Through the conversations during the session, I gained insight into how some people perceive the role of ‘Eldership’ in forming, reinforcing and perpetuating ideas of a collection of behaviours, traits and qualities often labelled as ‘masculine’, the impact of porn (often the elephant-in-the-room) and about our language, its power, its limiting about how we can talk about the wider and deeper realities and collections of experiences and behaviours than that which is currently described by the word ‘masculinity’. The conversation helped me lift further the veil on my own prejudices, assumptions and expectations.

Thank you so much to everyone who took part in this session, for the mutually respectful creative and constructive nature of the conversation and for your openness and honesty. If I’ve missed your name below, please do add it to the comments for this report. Also, please do feel to suggest amendments, additions or corrections to the report in the comments. Thank also to those who gave their details and expressed and interest in being part of the R&D for My Man and Me - we will be in touch!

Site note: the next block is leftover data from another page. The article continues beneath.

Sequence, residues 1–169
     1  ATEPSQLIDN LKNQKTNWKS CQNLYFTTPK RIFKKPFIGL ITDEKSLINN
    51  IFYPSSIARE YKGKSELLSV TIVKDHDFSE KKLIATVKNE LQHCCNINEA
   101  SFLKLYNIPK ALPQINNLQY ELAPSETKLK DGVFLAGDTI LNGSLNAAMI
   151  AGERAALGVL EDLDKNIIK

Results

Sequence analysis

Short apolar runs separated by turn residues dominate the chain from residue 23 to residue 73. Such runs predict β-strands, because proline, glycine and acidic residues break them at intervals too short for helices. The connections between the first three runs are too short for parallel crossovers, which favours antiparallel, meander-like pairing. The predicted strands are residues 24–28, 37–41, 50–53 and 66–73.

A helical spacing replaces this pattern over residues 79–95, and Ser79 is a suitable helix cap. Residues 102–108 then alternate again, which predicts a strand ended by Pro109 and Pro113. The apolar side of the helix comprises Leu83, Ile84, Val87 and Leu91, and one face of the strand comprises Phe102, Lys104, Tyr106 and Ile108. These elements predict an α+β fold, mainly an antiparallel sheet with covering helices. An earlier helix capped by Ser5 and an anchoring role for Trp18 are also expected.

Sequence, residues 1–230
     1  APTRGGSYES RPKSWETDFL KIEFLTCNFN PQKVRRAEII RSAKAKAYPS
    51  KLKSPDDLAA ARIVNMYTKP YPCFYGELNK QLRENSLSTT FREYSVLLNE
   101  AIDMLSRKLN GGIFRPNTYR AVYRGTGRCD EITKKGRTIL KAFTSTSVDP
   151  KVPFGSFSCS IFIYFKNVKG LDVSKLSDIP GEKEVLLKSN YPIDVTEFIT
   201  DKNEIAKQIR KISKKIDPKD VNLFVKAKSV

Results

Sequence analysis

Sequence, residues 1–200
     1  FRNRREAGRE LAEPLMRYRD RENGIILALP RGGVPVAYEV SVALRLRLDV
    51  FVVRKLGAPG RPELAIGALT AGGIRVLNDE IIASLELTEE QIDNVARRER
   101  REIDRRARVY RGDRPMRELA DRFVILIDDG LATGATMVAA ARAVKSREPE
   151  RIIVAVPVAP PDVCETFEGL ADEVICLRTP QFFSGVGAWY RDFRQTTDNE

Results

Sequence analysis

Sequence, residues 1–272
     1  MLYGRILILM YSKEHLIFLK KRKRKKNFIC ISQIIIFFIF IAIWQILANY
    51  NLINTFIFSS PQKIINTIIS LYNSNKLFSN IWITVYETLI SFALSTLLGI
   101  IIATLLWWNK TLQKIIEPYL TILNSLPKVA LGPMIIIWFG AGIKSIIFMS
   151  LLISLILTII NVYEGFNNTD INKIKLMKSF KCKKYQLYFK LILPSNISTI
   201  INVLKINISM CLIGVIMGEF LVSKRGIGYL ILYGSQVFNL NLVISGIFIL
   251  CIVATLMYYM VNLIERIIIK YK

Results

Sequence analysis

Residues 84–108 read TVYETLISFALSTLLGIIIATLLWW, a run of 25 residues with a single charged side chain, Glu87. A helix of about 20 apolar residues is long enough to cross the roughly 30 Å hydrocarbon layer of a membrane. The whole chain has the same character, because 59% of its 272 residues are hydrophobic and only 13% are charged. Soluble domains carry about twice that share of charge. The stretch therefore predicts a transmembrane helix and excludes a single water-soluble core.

Here follows some of the things that were said/came up during the session (which, as it turns out, didn’t finish till after I got home - ‘when it’s not over, it’s not over’) n.b. Please note, this is a record of what was discussed and does not in all cases necessarily reflect my own views or that of the group as a whole:

We don’t talk about this.
“‘Toxic’ [as the context] is the only interesting conversion to have about it [masculinity]” one person said.

Pornography and ‘digital toxicity’: the elephant in the room
Part of creating definitions of ‘masculinity’ and ‘femininity’
The impact of ‘Frontier’ Swipe Apps
It affects ALL of us, whether we or not we watch porn or use the apps.

We do it to ourselves?